SPARK Social Innovation Challenge

January 29, 2020

How would you define the word spark?

Maybe you’d say it’s the ember that starts a roaring fire. Maybe you’d say it’s the germ of an idea that can begin a process of change, or a flash of energy that disrupts the status quo, or a latent particle that is capable of growth and development. At Grinnell College — thanks to an ongoing program of the College’s Wilson Center for Innovation and Leadership, working in partnership with the Center for Careers, Life, and Service (CLS) — it’s all of those, and more.

At Grinnell, the Spark Social Innovation Challenge — SPARK for short — is a yearly community-based social innovation competition, and one way in which the College enacts its historical concern with social justice.

Each year, SPARK involves students — as individuals or teams — with partners from the town of Grinnell in conceiving projects that address the community’s critical needs. This gives students a nuts-and-bolts sense of what goes into community development, as well as experience crafting the sort of proposals that will win funding and advance the cause of social justice. Projects selected as challenge-winners by judges receive up to $15,000 as seed money to begin making their vision into a reality. Team members also win cash prizes — $200 for each first-place team member, $100 for each second-place team member, and $50 for each third-place team member. Team members also have the option of helping to implement these programs through service learning work-study positions in the subsequent year under the direction of the CLS.

In academic year 2018–19, SPARK focused on technology access — a perennial challenge across the U.S. in rural communities like Grinnell. Tapping into key community resources such as Supplemental Nutrition Assistance Program (SNAP) or opportunities for online education often requires a dependable Internet connection — something that, too often, is out of reach for low-income community residents. To address this need, the Wilson Center partnered with the Iowa Governor’s Task Force for Rural Internet, Grinnell’s Chamber of Commerce Business and Residential Internet Collaboration, the Drake Community Library’s Internet Bandwidth project, and the Mid-Iowa Community Action’s (MICA) Access to Technological Tools initiative.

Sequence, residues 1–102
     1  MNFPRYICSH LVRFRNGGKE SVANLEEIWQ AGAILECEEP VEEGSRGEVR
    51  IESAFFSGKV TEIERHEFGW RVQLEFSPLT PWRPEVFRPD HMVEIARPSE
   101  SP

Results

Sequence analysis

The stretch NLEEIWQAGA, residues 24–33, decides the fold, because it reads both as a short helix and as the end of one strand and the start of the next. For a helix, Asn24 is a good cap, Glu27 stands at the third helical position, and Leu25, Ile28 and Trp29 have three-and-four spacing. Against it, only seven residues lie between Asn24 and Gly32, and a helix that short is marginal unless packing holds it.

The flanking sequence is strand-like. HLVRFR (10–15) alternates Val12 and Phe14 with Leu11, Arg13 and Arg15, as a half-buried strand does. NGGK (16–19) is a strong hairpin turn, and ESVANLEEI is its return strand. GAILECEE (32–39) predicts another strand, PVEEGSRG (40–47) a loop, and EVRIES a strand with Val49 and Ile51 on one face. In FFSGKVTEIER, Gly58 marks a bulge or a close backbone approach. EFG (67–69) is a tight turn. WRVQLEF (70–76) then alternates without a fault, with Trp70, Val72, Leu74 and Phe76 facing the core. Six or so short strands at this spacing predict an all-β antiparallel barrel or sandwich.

To help SPARK competitors who lacked experience preparing proposals for these sorts of projects, the Wilson Center offered a one-credit skill-building short course, taught by Wilson Center Director and Associate Professor of Anthropology Monty Roper, whose own work focuses on community development. The course helped students and visitors to prepare their best possible application for funding, addressing such subjects as project research, design, management, and sustainability; ethical best practices; public speaking; and more.

The winners of the 2018–19 SPARK Challenge were Taylor Gaskins ’20, Shabana Gupta ’22, and Andrew Jopeck ’22 with the project proposal, “Reading with Retirees Club.”

Wait, you may ask. What does that have to do with high-speed internet? Nothing. By mid-year, the SPARK theme for the year had largely came undone. The Governor’s task force was sidelined following the elections, and many of the local projects became untimely as the city announced a likely new partnership to bring high-speed internet to Grinnell.

Faced with an irrelevant initial project, the winning team did what all successful entrepreneurs must do at some point. They pivoted and pursued a different issue that they all felt strongly about – child literacy – using personal connections to connect quickly with key players. Working with Steve Langerud, executive director of Grinnell’s Mayflower Community, a 68-year old senior living and health care organization, and Brian Conway, principal at Davis Elementary School, the students developed program in which Mayflower Community residents would regularly read to Davis Elementary students.  The project was selected for funding at an estimated cost of $5,000 by a panel of judges and will be used during the 2019–20 school year for transportation, training, and a work-study position.

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